Big baby, little mother: tsetse flies are exceptions to the juvenile small size principle

Lee Rafuse Haines*, Glyn Vale, Antoine M G Barreaux, Norman Ellstrand, John Hargrove, Sinead English*

*Corresponding author for this work

Research output: Contribution to journalReview article (Academic Journal)peer-review

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While across the animal kingdom offspring are born smaller than their parents, notable exceptions exist. Several dipteran species belonging to the Hippoboscoidea superfamily can produce offspring larger than themselves. In this essay, we focus on the blood-feeding tsetse flies. We suggest that the extreme reproductive strategy of this fly is enabled by feeding solely on highly nutritious blood, and producing larval offspring that are soft and malleable.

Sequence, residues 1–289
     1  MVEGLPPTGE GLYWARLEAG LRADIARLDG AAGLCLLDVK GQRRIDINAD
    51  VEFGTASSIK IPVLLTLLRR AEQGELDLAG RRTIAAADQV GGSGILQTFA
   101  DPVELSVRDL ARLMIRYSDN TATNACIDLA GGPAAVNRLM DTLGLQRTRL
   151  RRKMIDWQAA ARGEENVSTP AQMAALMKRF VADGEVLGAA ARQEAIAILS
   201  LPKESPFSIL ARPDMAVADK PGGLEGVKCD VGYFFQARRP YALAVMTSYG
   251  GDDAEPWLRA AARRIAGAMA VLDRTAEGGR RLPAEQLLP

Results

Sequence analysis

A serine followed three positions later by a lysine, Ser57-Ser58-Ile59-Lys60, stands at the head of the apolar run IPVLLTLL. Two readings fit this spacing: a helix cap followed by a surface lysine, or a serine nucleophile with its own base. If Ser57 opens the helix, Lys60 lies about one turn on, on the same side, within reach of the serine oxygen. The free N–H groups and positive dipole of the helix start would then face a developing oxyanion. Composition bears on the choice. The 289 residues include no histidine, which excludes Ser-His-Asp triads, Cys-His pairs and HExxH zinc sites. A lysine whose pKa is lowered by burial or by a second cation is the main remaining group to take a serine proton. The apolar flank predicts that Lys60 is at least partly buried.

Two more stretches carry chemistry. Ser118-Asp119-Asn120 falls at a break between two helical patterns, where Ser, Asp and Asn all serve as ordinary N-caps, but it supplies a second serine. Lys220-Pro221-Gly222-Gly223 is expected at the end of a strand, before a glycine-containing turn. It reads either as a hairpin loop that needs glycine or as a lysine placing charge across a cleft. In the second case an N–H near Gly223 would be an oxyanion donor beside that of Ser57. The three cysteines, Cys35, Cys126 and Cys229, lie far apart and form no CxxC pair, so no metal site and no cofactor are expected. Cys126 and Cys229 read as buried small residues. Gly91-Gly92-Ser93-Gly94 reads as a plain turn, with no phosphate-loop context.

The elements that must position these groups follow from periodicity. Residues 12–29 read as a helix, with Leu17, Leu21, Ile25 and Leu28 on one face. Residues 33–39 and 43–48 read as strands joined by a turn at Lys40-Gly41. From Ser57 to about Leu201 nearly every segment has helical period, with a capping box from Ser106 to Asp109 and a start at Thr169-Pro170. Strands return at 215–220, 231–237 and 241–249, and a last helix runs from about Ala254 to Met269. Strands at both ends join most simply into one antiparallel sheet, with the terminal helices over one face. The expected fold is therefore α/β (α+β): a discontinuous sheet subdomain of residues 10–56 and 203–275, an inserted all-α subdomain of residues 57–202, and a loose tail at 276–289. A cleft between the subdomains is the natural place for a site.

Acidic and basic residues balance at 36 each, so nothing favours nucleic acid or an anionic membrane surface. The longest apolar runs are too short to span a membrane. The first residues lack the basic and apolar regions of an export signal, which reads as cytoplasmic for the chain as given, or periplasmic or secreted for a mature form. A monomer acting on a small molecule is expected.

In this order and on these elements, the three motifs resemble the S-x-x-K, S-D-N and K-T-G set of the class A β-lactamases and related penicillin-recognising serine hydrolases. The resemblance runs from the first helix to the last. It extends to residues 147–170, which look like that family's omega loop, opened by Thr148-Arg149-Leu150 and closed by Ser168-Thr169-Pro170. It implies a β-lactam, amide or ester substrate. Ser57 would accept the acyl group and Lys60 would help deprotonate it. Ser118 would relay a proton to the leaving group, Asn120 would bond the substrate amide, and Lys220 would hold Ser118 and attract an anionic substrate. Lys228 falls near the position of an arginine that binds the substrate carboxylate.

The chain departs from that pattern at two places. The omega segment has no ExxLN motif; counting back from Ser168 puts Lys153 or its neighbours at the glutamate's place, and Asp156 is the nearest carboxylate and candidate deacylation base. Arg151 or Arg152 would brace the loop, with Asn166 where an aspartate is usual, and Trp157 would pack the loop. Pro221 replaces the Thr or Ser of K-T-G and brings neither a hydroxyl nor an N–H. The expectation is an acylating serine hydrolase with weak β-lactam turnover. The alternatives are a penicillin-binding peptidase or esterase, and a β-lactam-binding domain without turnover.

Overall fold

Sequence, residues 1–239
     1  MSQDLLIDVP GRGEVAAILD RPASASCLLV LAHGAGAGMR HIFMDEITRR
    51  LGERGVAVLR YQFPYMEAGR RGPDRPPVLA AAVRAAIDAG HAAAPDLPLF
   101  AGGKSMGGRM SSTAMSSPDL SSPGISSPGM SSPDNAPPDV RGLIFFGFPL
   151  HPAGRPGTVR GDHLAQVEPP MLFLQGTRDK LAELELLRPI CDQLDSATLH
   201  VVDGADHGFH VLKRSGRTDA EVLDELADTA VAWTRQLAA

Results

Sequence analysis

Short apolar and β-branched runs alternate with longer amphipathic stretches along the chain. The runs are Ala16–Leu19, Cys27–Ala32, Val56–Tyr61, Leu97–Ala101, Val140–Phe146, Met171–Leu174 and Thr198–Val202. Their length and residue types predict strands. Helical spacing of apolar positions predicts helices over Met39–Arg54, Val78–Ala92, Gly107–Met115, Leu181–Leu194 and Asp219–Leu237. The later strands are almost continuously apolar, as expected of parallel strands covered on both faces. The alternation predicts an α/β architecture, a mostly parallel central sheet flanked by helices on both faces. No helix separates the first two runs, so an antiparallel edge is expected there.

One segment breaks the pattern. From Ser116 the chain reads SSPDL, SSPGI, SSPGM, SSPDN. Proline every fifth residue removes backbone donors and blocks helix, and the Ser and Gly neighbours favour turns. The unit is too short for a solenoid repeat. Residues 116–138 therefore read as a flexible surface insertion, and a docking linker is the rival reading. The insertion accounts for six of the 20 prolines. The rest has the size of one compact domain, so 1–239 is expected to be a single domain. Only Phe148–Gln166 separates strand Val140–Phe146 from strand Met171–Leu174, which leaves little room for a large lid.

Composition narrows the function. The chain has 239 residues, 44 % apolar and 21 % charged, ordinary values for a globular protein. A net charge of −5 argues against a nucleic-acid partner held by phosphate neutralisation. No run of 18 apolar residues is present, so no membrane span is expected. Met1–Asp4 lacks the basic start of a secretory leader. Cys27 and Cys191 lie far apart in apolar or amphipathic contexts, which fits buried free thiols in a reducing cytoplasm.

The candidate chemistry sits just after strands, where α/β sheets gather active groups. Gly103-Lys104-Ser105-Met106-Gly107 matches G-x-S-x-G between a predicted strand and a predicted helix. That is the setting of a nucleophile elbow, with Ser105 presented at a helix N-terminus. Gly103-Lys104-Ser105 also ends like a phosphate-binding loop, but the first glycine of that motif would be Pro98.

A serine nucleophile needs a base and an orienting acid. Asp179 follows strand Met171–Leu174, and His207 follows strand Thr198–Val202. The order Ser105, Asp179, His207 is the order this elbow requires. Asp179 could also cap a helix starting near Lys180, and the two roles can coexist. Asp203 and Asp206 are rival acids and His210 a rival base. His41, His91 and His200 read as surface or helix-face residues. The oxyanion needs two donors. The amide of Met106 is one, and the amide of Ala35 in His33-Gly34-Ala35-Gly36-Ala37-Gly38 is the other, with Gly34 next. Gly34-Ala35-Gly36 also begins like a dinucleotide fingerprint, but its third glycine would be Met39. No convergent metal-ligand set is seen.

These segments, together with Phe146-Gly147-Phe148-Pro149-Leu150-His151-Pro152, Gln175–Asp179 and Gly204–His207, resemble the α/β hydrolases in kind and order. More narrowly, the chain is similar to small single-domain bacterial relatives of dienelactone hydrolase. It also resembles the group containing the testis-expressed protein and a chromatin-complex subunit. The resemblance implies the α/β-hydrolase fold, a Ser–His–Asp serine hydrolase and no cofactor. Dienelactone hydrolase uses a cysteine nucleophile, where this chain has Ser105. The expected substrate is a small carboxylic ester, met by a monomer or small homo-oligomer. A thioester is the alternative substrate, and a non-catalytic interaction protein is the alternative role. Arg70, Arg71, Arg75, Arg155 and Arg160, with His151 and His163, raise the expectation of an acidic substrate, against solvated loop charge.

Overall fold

This immense maternal investment may have evolved to avoid competition with other biting flies. Tsetse flies also transmit blood-borne parasites that cause the fatal diseases called African trypanosomiases. We discuss how tsetse life history and reproductive strategy profoundly influence the type of vector control interventions used to reduce fly populations. In closing, we argue that the unusual life history of tsetse flies warrants their preservation in areas where human and animal health is not threatened.
Original languageEnglish
Article number2000049
Number of pages6
Issue number11
Early online date8 Oct 2020
Publication statusE-pub ahead of print - 8 Oct 2020


  • Glossinidae
  • life history traits
  • maternal allocation
  • reproductive strategy
  • vector control
  • vector ecology
  • viviparity


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